How to develop your own self-care protocol
- When someone says ‘self-care’, what image comes to mind?
- What are the positive and negative aspects of this image?
- Do you have clear intentions for self-care and your self-care protocol?
Last month, we explored self-care in our regular Community of Practice for therapeutic specialists and others with a therapeutic leadership role in out-of-home care.
We know self-care isn’t a one-off action and requires intentionality, planning and consistency to enhance wellbeing. At the same time, we also know how easy self-care is to slide off our radar when faced with urgent and complex demands. As Kottler & Hazler (1997) note, there are oft-spoken rationalisations for avoiding or facing our challenges. Do any of these statements sound familiar?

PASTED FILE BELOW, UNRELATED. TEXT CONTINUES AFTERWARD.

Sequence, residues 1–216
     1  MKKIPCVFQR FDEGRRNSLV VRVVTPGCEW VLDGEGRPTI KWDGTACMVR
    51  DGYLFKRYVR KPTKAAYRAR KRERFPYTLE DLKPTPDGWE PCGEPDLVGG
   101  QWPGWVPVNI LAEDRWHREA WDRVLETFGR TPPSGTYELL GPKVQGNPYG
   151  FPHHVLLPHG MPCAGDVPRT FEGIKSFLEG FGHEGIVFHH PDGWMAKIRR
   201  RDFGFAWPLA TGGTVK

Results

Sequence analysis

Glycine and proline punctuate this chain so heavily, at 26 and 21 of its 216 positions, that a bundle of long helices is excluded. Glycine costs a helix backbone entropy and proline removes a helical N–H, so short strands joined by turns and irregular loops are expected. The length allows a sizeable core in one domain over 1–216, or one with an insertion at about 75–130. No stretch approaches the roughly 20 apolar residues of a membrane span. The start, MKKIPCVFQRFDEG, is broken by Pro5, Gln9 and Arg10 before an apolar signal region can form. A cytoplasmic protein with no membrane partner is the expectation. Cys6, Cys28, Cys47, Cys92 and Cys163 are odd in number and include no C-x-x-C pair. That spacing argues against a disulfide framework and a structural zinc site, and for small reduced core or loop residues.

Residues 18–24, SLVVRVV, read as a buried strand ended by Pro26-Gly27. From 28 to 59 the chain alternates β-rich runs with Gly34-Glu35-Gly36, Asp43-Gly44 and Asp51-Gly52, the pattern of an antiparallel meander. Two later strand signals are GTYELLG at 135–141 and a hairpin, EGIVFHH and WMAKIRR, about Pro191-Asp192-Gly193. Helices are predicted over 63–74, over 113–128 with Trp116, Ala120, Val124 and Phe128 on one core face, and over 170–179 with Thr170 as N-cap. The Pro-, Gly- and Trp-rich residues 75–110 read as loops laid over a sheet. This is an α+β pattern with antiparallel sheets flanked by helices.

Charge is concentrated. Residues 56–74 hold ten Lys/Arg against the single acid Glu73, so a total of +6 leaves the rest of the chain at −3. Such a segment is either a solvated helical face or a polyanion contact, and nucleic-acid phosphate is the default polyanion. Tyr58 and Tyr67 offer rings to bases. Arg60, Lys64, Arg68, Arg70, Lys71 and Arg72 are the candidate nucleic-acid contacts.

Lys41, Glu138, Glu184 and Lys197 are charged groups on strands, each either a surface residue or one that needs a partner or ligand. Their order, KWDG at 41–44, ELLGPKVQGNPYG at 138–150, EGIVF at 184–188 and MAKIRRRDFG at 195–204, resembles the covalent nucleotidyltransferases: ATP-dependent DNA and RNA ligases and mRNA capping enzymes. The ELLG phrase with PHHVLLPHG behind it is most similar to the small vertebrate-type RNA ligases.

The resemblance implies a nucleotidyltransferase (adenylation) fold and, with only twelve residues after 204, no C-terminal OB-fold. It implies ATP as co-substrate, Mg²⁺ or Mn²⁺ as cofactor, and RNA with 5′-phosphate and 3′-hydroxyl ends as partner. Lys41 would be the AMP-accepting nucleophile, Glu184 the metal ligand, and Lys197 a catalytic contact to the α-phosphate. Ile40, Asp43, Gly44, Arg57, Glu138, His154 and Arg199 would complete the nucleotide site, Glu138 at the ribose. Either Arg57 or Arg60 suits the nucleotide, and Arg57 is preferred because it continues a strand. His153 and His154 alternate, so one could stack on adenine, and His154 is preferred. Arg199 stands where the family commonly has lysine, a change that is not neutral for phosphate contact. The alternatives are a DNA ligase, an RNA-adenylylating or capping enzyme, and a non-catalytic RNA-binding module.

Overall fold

- “This period will pass. I am just busier than usual at this point”
- “None of my colleagues or managers have complained to me about not doing my job properly.”
- “I’m experienced so I can deal with this difficulty without any input from others.”
And yet, self-care is not simply about limiting or minimising professionals’ stressors. It is about enhancing your overall well-being. Using Dan Siegel’s Mind Health Platter, we asked Therapeutic Specialists to assess their self-care across the five domains according to frequency (no activity in the last month, once or twice, at least weekly, etc.)